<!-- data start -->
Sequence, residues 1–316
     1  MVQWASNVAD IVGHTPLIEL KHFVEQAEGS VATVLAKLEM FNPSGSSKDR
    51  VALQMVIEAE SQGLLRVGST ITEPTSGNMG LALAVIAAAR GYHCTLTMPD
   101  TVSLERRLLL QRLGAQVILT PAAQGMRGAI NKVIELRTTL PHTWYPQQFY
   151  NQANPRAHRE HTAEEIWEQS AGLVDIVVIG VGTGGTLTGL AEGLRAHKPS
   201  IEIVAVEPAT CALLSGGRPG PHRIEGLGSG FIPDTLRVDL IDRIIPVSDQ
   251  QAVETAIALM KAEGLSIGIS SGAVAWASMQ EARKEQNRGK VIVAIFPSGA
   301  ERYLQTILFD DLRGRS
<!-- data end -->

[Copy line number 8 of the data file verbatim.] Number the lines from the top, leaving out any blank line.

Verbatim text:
   301  ERYLQTILFD DLRGRS